"I love your CD. Thanks."
— Brian Wilson
Jan Berry of Jan & Dean
"Mainstream Brian Wilson fans will find Box o' Clox a wonderful collection of the composer's lesser known work — beautifully performed by a very gifted and sensitive Cameron Michael Parkes. For those who haven't heard most or all of these songs, it's like finding a secret cache of treasure-filled eggs after the Easter egg hunt is long over. Moreover, these are the musical equivalent of Faberge Eggs! For those who already know the material, Cameron has polished, refined and made manifest the full brilliance of these songs that was only hinted at in earlier versions. Here they magically come to life — both melodically and lyrically — thanks to the many talents and loving attention of Mr. Parkes who, amazingly, does it all by himself." — Tony Asher, Brian Wilson collaborator, lyricist on PET SOUNDS
"I enjoyed listening to Cameron Michael Parkes' Box o' Clox CD. I especially enjoyed where he went with his version of "Vegetables." It was very original and one of the most inspired versions of any Brian Wilson cut that I have heard."
— Jeffrey Foskett, Brian Wilson band member
"Cameron's soaring vocals and fascinating arrangements offer new twists while facilitating an even greater appreciation of Brian Wilson's originals. This album is a masterful tribute to one of the great musical legends of our time. Every track will inspire repeated listens."
— Mark A. Moore, Co-Producer, Jan Berry / Jan & Dean Tribute Album
"Fantastic! The arrangements are wonderful and I can't imagine one person playing and singing everything so perfectly. These versions have provided an even greater insight into Brian's genius for composition. I never would have thought that "I'll Bet He's Nice" would have fit on "Pet Sounds" as Cameron suggested, but I'll be damned if he wasn't right. Cameron's arrangement proved that what many might think to be a lightweight song from "Love You" is actually a beautiful piece of music that is worthy of "Pet Sounds." "Wonderful" is wonderful — again, Cameron has given the song another dimension, and the harpischord and orchestra are simply gorgeous. As a fan, I'm thankful for "A Day In The Life Of A Tree." I always loved the melody — it's like a beautiful, sweeping movie theme. Unfortunately, Brian's original production was treated somewhat as a joke with a lead vocal that was nearly unlistenable. We finally have a version that is as beautiful as the melody. "Saturday Morning In The City" is a newer song that most of Brian's fans haven't heard. Cameron's version proves that Brian's "still got it": fun lyrics, inventive production and a classic melody are going to have listeners humming to this whether they like it or not. Of course it's tough to top Brian's original productions, but these songs can stand proudly alongside the originals — it's a great collection and Brian's fans will love them!"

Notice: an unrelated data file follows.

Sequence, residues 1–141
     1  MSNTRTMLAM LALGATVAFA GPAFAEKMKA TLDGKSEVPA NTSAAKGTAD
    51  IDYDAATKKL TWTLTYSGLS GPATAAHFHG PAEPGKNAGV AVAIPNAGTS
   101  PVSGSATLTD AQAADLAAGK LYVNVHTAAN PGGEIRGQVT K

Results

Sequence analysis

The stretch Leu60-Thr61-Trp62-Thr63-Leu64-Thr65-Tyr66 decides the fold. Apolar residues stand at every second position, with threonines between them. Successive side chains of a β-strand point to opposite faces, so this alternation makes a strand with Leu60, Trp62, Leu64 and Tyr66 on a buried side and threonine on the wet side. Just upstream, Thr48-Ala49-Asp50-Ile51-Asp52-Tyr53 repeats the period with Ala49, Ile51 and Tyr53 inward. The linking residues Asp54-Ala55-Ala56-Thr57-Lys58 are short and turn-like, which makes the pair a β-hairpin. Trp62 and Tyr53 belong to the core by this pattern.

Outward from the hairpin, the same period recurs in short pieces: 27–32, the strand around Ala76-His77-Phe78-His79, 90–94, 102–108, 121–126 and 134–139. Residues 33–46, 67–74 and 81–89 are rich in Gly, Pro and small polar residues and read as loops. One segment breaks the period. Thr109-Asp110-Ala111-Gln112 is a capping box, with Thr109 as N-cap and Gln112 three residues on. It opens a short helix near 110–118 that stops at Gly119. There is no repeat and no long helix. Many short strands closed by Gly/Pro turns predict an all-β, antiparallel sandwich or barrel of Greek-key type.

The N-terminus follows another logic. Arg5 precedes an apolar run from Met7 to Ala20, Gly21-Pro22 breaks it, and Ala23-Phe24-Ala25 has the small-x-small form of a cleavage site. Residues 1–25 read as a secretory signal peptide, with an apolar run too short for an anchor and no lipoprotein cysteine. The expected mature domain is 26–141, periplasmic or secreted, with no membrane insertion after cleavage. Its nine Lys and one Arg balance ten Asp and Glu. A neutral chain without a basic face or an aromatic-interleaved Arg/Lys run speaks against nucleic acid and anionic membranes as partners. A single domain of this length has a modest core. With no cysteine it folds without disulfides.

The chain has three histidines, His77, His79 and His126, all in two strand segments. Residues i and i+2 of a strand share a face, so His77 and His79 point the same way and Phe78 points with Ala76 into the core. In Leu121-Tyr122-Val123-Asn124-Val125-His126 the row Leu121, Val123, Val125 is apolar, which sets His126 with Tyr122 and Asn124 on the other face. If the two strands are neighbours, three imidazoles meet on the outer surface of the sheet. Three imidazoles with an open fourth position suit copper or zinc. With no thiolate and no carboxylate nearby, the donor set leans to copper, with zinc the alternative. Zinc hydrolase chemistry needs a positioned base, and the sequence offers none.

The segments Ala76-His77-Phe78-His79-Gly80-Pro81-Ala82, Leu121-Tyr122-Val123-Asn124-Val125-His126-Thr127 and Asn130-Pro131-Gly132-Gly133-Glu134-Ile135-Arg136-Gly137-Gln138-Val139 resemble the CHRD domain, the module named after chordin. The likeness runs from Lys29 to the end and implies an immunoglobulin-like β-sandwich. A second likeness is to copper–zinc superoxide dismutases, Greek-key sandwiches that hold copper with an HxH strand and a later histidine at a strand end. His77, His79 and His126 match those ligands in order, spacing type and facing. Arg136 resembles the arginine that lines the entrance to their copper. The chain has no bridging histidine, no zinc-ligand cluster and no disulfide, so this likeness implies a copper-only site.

— Michael deMartin, brianwilson.com
The wholly unique and breathtaking album art by Chloe Cumming that adorns this disc, Box O’ Clox: A Brian Wilson Tribute by Cameron Michael Parkes, lets the listener know that this is not your run-of-the-mill homage to the Chief Beach Boy. Curiosity has drawn me to the strains of tributes to Brian Wilson before, with decidedly mixed results. Too often I’ve encountered the cheeky band who wants to lovingly dismantle a particular song — except in their efforts to please, they’ve torn apart a perfectly good “409” and reassembled the pieces it into a rickshaw. Fortunately, this is not the case here.